So it is the duty of writers to deliberate in this hour of enforced silence how they can make art a more effective and obviously unnecessary thing than it has been of late years. A little grave reflection shows us that our first duty is to establish a new and abusive school of criticism. There is now no criticism in England. There is merely a chorus of weak cheers, a piping note of appreciation that is not stilled unless a book is suppressed by the police, a mild kindliness that neither heats to enthusiasm nor reverses to anger. We reviewers combine the gentleness of early Christians with a promiscuous polytheism; we reject not even the most barbarous or most fatuous gods. So great is our amiability that it might proceed from the weakness of malnutrition, were it not that it is almost impossible not to make a living as a journalist. Nor is it due to compulsion from above, for it is not worth an editor's while to veil the bright rage of an entertaining writer for the sake of publishers' advertisements. No economic force compels this vice of amiability. It springs from a faintness of the spirit, from a convention of pleasantness, which, when attacked for the monstrous things it permits to enter the mind of the world, excuses itself by protesting that it is a pity to waste fierceness on things that do not matter.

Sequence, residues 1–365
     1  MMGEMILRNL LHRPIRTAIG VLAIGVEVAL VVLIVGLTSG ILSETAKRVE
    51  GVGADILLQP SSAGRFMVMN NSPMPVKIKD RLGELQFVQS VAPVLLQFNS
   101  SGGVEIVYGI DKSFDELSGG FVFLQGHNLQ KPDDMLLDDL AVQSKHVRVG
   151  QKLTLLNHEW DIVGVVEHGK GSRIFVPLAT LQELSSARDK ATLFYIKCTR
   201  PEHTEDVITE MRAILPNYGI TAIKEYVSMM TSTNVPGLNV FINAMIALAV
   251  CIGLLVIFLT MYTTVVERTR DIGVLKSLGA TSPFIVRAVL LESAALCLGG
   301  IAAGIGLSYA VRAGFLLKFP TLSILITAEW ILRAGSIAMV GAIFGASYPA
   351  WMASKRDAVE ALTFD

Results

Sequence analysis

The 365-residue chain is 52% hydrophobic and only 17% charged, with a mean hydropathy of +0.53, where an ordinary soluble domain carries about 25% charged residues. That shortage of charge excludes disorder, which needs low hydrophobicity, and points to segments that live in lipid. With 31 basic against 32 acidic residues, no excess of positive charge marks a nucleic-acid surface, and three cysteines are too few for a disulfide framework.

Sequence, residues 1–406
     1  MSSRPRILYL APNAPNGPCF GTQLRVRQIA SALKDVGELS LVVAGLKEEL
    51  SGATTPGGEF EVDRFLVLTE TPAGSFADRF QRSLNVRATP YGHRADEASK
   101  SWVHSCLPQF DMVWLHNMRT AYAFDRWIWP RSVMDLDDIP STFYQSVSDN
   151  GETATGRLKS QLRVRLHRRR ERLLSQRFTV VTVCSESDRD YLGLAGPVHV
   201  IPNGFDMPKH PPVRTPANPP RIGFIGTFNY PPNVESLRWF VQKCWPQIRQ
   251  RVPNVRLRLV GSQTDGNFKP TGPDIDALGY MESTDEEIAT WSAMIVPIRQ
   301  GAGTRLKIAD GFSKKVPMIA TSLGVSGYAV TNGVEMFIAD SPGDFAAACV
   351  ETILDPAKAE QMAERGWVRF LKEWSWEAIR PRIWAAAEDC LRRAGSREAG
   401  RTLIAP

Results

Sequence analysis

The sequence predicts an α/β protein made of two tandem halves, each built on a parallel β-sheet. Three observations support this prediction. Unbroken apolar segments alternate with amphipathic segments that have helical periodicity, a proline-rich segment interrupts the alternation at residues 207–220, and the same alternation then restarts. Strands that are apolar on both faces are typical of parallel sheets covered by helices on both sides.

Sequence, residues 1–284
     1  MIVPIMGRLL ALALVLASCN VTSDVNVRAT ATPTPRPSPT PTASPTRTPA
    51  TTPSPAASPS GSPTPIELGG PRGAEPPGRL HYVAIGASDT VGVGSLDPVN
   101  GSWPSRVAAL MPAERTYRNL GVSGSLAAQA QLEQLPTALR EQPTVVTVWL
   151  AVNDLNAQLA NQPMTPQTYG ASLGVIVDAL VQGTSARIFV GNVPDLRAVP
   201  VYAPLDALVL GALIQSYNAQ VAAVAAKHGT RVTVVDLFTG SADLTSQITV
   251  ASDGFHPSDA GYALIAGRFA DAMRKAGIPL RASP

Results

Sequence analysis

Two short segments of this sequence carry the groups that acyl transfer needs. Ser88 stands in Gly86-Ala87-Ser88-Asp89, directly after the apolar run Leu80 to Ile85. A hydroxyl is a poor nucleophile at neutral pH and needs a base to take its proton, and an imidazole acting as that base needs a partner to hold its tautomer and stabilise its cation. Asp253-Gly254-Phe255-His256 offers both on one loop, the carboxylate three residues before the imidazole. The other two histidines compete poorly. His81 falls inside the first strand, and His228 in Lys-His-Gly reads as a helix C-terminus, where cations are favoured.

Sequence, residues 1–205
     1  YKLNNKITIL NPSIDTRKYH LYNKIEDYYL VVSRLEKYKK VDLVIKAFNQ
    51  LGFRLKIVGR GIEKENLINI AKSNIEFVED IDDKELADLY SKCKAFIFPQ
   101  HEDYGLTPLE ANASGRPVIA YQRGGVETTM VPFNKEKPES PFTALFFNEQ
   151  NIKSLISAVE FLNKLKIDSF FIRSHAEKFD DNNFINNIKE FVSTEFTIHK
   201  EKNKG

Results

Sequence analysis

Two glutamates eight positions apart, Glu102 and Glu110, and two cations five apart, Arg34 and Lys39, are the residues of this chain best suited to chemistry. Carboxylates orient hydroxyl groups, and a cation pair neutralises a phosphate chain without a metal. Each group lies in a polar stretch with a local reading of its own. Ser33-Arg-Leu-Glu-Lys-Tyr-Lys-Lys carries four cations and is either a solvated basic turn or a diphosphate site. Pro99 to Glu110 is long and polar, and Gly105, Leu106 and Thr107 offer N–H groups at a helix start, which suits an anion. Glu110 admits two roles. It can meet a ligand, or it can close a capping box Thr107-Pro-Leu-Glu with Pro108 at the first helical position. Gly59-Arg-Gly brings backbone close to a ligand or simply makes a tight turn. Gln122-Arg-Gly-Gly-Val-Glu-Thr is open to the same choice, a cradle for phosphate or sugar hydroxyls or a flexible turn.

[Via] First published in The New Republic, November 7, 1914 (thanks Rahul!)